The Success of Family Mediation Vouchers.
Wayne Cartlidge (Student)
In March 2021 the Ministry of Justice (MoJ) introduced a new scheme in the UK, which was designed to try and help families whose cases would usually end up in court, to work together and ensure that the case did not go to court.
The trial scheme using ‘mediation vouchers’ was introduced to try and minimise the number of family disputes that end up going to court. Following the trial period, the Ministry of justice have hailed the trial a success and have further announced that they will make a decision to see if the scheme is to continue ‘in the very near future’.
Since March 2021, the MoJ have revealed that the vouchers have been used by and supported more than 13,500 families. From this number, the MoJ revealed that in two-thirds of those cases a whole or partial agreement was reached away from the court room.
Families who used the scheme were entitled to apply for a £500 voucher towards the cost of the mediation sessions.
During the sessions, the parties would attend a mediation information and assessment meeting (MIAM) with a trained mediator. Following the initial meeting, the mediator provides an assessment on whether or not they believe that the family’s case would be eligible and suitable for mediation. If the mediator decides that the case would be suitable, it would be the mediator who applies for the voucher, and this is then paid directly to the mediator once the mediation sessions have finished.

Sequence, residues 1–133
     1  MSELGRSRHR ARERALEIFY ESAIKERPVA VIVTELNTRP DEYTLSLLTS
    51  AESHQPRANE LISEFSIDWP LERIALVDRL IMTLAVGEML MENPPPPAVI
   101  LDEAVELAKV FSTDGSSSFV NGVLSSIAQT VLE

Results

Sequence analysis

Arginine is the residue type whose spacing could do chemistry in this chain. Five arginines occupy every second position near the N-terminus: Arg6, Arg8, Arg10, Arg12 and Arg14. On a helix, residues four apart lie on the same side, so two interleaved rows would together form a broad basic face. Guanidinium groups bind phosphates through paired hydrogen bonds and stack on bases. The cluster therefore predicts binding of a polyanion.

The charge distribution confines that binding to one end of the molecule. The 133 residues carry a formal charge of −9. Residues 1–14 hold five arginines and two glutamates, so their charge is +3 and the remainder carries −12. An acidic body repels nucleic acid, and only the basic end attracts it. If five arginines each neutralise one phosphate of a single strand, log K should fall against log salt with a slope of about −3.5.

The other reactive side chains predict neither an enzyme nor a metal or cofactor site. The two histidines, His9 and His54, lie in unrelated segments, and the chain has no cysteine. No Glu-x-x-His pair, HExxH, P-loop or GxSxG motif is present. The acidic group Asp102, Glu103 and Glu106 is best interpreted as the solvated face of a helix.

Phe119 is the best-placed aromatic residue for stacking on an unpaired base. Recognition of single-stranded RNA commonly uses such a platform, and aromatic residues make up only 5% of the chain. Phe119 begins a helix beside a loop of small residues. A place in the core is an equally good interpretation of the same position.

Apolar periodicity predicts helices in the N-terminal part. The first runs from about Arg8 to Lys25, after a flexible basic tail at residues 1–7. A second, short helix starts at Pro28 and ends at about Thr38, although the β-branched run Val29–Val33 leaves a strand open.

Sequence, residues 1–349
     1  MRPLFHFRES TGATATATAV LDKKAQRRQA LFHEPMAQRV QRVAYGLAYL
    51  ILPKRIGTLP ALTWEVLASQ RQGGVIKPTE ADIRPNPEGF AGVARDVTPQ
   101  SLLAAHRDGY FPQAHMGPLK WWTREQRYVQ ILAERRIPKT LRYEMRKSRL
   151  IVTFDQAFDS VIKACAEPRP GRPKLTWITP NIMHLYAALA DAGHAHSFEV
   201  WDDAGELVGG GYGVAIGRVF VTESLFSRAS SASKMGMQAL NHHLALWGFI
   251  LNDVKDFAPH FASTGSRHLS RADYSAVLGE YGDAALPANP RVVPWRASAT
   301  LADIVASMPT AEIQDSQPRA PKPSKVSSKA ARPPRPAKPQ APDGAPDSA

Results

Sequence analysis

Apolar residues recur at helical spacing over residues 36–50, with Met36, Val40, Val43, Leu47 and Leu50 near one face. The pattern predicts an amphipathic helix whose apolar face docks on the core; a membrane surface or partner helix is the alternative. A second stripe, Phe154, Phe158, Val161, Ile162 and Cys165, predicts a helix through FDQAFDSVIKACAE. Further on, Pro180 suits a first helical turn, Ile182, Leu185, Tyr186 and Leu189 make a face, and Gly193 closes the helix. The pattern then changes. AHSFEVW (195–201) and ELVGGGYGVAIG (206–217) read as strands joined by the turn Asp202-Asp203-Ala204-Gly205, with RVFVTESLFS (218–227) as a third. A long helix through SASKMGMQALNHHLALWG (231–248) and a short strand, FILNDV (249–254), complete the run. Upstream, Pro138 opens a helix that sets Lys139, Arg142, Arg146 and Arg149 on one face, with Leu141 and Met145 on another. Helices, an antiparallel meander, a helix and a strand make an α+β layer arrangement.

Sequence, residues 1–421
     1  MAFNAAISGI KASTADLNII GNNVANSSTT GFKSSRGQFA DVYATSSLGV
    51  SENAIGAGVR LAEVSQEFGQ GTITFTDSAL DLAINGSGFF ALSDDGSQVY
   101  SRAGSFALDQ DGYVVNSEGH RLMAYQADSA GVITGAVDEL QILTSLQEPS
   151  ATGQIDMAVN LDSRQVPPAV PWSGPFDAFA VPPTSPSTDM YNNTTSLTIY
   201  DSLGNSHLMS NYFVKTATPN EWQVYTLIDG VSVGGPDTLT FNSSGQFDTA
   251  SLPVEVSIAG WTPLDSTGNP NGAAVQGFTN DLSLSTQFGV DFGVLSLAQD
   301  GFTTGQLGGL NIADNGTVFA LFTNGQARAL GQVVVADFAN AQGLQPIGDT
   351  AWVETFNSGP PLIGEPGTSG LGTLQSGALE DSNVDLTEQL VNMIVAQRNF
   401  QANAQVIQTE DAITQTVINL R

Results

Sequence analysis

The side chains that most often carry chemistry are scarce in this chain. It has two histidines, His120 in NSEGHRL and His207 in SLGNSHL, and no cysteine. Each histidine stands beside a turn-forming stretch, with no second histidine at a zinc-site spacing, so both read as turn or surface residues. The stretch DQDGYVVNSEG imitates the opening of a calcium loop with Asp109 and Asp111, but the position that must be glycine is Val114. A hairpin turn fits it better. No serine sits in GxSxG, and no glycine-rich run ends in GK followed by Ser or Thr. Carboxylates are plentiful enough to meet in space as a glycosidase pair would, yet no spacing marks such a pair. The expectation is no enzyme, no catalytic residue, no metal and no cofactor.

Prior to this scheme, government data showed that referrals for mediation had dropped after the Legal Aid, Sentencing and Punishment of Offenders Act 2012 (LASPO) came into force. According to the MoJ latest statistical report, MIAM’s currently stand at around a third of pre-LASPO levels, with family mediation starts being around half of pre-LASPO levels.
Here at SULAC we can advise on family matters and have close links with local mediators. If you would like an appointment please call 01782 294800 or email SULAC@staffs.ac.uk